Our ego mind is limited.  It makes us see the world and the universe with lack and it believes that we are not supported.  And it drains our energy, our life-force, our power.  According to A Course in Miracles, the presence of fear is a sign that you are relying in your own strength.

So when we are in fear, worry, and stress because we’re pushing ourselves to figure out what we need to do next in our lives, all it does it create more stress, more worry, and more fear.

In the grand scheme of things, it makes us unhappy.  It keeps us in a place of suffering because it keeps us completely disconnected from our inner guidance and our true selves.  It makes us believe that we are not supported and that we only have ourselves to rely on to “figure it all out”.

But you know what?  You don’t have to figure it all out.  In fact, you’re one and only job is to let it all go.  Release the fear.  Release the worry.  Release the anxiety.  Then give those fears to a power greater than you — in whatever way you like to call it, whether that be Source, the Universe, the Divine, God or whatever.  Give it to a power greater than you and trust and know that you are supported.

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Click to Tweet: When you are fearful, give it to a power greater than you and trust and know that you are supported. @jenilyn8705 

Then once you do that, be still.  Quiet the mind.  Breathe.  Meditate.  Allow the beauty of the present moment to wash over you. Feel your body sitting.  Feel the air around you.  Hear the sounds around you in this moment.

Notice your inner mind chatter.  Observe it, but don’t attach to it.  Recognize it as fear and only fear, as the thoughts are not of your higher self, but wounded parts of yourself.  Love them and let them pass.

Continue to breathe.

And then slowly and gradually, the mind chatter will subside.  It may not completely go away, but it will become quieter.  In the stillness of the moment, trust that guidance for your next right action is coming.  It may come in the form of a thought, a feeling, a sensation, or maybe even through something in your external world, like through a friend, family member, co-worker, e-mail, magazine or whatever.

Regardless, be open and receptive.  Exhale and remember: It’s not up to you to figure it all out.

My Love of Fear

Yoga was finished and it was time to get to work.  I sit down at my desk to begin.

You’ve been procrastinating all day, a voice in my mind says, You should already have this done by now!

I can feel the tension in my neck crawling down my back.  My breath is shallow.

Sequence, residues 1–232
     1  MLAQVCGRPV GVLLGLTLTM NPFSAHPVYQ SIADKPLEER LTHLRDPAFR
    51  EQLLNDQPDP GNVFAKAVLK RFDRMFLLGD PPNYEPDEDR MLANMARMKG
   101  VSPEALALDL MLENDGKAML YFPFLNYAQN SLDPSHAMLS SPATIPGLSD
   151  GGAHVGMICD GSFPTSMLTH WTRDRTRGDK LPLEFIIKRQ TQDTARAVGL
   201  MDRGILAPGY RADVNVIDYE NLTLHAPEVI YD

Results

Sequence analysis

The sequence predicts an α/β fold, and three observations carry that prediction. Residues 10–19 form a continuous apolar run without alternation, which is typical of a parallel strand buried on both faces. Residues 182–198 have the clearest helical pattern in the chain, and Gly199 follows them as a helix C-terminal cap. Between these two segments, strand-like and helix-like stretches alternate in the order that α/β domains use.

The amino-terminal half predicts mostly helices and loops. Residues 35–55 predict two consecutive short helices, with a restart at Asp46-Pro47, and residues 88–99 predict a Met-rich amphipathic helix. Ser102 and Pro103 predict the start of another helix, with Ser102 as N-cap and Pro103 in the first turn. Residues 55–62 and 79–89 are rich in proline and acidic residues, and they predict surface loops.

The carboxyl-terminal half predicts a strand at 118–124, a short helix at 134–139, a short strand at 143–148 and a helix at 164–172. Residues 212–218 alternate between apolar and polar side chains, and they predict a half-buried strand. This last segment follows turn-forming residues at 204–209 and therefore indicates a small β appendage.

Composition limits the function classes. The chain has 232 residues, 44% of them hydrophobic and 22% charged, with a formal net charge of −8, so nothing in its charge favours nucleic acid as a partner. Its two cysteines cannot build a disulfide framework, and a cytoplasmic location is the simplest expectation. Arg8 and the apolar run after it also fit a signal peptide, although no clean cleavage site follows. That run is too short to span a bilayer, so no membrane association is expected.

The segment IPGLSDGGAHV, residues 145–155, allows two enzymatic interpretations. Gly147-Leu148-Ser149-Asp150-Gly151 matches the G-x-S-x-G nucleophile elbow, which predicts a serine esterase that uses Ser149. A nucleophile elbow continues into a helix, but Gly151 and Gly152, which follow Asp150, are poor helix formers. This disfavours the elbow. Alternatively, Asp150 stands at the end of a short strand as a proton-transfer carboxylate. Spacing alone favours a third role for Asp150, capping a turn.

I take a deep breath and stretch my arms over my head thinking, believing and hoping that will release the tension.

I feel a little better, so I put my arms down and start to focus on work.

You haven’t done shit today, the voice continues, you woke up, ate breakfast, did yoga and that’s it.  You’re pathetic.

I then open the document of my project and start getting to work.

This shit is terrible.  What makes you think that’s good enough?  Work harder!

I look back over what I had written down.  Rereading it from the top.  Maybe if I word it this way it could be better somehow?  Or maybe I can add a little bit more here.

Nobody is going to like that shit.  It’s not good enough.  You’re not good enough.

My neck became even more tense and I suddenly found myself debilitated.  Completely unable to work.  Completely unable to focus.

I get up to walk around feeling “off” and not sure what more I needed to do to get past this critical inner voice that’s loaded in fear.  I did yoga, I meditated, I’ve moved around like a billion frigging times already… what more needs to happen to kick this thing?

I stop trying to fight it so I make myself a smoothie and pop in my earbuds to listen to a lecture by my mentor Gabby Bernstein.  I had heard this lecture several times before but maybe, someway, somehow I was going to hear something that would help me get out of this funk.

A half hour later and the first recorded lecture was over.

See now you just wasted another 30 minutes when you could be working, the voice says.

Oh just shut up already, I think back to it as my neck tenses up and I hit the play button on the next 30 minute talk.

She’s not even talking about what you’re dealing with right now, the voice says.

This time I ignore it and continue to keep listening to the talk.

About mid-way through the talk Gabby mentioned that before she does a talk she will say a prayer asking for the highest spirit of truth and compassion to speak through her talk.  She said that in doing this, it helps her get out of her fear-based ego and back into love.

Upon hearing that, I quickly say that prayer for myself in my mind.  I start to notice my neck muscles starting to relax, my jaw not quite as tight, and I feel much more calm and centered.

I paused the talk and then I had a thought, Jen, you were trying to fight the block.  You were trying to fight the fear, but that doesn’t work because you were fighting fear with fear in your mind.  You can’t push fear away.  Fear can only truly dissipate when you love it, because love is what heals.